Interviewing Techniques For The Journalist

News & SocietyNews

  • Author Marie Telfor
  • Published February 9, 2011
  • Word count 605

At some point in your career you will have to interview either a professional person, local resident, or a celebrity. Your interviewing techniques play an important part of getting the information you need to build a story. The harsh reality is once people know you are a journalist they can be very sceptical of you. As we are sometimes seen as busybodies who can’t mind their own business or as liars.

Before you get straight to the interview it is important to build a rapport with the person you are interviewing you need to get them to trust you, and this must be genuine as people can tell when you’re faking.

One of the ways to build a rapport is to get to know the person you are interviewing. I was once assigned to go and interview a manager at a local day care centre for the elderly. This centre was closing down due to lack of funding. Before I got straight down to my questions I would get to know her as a person first. I’d ask her questions like ‘how was she doing,’ ‘what was she doing before this job’, I even ended up knowing what her favourite pastime was.

Because of this rapport building I was able to get a lot more answers out of her concerning the day centre, as she was comfortable in talking to me and I ended up with a good story. When building a rapport please be mindful that you must maintain a professional attitude and to use your discretion. There are many different types of personalities that you will come across in your journalism career and you will have to adapt to each individual accordingly.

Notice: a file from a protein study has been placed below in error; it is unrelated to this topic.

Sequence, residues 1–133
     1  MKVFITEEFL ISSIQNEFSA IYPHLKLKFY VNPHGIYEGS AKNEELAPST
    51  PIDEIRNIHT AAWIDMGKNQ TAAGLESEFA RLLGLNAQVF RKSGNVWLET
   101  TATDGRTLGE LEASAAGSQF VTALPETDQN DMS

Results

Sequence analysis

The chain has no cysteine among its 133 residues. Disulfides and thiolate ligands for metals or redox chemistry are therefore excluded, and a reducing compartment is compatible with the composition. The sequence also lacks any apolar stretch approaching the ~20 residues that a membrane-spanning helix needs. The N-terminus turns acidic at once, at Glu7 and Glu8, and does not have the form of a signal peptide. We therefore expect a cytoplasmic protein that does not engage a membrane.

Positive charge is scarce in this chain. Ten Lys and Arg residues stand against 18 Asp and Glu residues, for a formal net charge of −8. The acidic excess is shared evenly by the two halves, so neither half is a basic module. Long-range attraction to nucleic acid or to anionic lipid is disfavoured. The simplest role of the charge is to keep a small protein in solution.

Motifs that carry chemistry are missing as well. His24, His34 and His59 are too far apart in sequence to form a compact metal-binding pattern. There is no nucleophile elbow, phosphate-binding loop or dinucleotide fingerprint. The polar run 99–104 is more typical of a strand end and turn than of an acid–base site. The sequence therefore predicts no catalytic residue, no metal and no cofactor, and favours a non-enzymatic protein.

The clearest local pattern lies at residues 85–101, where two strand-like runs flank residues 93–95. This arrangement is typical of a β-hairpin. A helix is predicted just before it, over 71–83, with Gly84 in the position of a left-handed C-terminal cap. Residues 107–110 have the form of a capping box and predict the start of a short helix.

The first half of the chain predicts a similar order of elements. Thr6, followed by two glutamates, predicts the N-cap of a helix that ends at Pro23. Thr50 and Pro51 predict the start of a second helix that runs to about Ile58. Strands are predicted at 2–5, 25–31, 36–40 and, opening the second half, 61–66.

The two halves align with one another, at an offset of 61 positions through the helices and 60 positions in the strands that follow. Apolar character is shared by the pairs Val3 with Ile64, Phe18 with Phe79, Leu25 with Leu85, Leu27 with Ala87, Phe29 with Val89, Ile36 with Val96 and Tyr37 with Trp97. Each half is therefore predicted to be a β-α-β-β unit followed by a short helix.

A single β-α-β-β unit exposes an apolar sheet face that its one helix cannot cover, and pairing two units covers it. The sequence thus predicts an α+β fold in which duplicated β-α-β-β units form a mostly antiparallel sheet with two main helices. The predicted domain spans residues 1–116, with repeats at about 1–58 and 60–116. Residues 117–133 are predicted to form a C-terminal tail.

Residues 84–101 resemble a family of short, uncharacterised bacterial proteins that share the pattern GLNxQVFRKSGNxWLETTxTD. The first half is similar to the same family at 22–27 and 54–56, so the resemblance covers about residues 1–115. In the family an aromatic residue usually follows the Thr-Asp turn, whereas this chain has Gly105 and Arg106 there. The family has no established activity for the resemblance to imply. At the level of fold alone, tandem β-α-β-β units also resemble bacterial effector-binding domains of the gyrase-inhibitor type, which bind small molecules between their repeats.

After the rapport building stage comes the questioning and there are two types of question methods opened and closed. Opened questions are what’s, how’s, why’s, and where’s this will give you a more elaborate answer. Closed questions begin with ‘are you’, ‘is it true’, or ‘do you have’ these questions will give you less of an elaborate answer and you want to avoid asking them. However if you do begin with a closed question you can always get the interviewee to expand on them for example:-

Journalist: - "Are you bored today?"

Interviewee: - "No,"

Journalist: - "Can you explain why you’re not bored"

The Journalist began with a closed question but ended up with an open question to get a more detailed answer.

As well as the questioning it is important to remember that you have to control the interview. If the interviewee starts talking about something else bring them back to you the topic.

Journalist: - "Why is red your favourite colour?"

Interviewee: - "Because it a fiery colour and blue is also another nice colour I like it very much."

Journalist: - "Why else is red your favourite colour,"

Notice the Journalist did not entertain what the interviewee said about the blue colour in fact it was dismissed and the attention was brought back onto the red. Only if the answer is relevant to your story should you allow the interviewee to continue to another topic.

One final thing remain confident and enjoy the interview. Don’t see it as a chore you can meet some very interesting people along the way. Also meeting people is a great way to build contacts they may know someone you might want to get in touch with for your next story who knows. At the end of the day they’re the ones that you need to help you build your story.

Marie Telfor is the Editor-in-Chief of on line lifestyle magazine Keeping It Real. The magazine where the subscribers become the 'Journalist'

website:- or email Marie at

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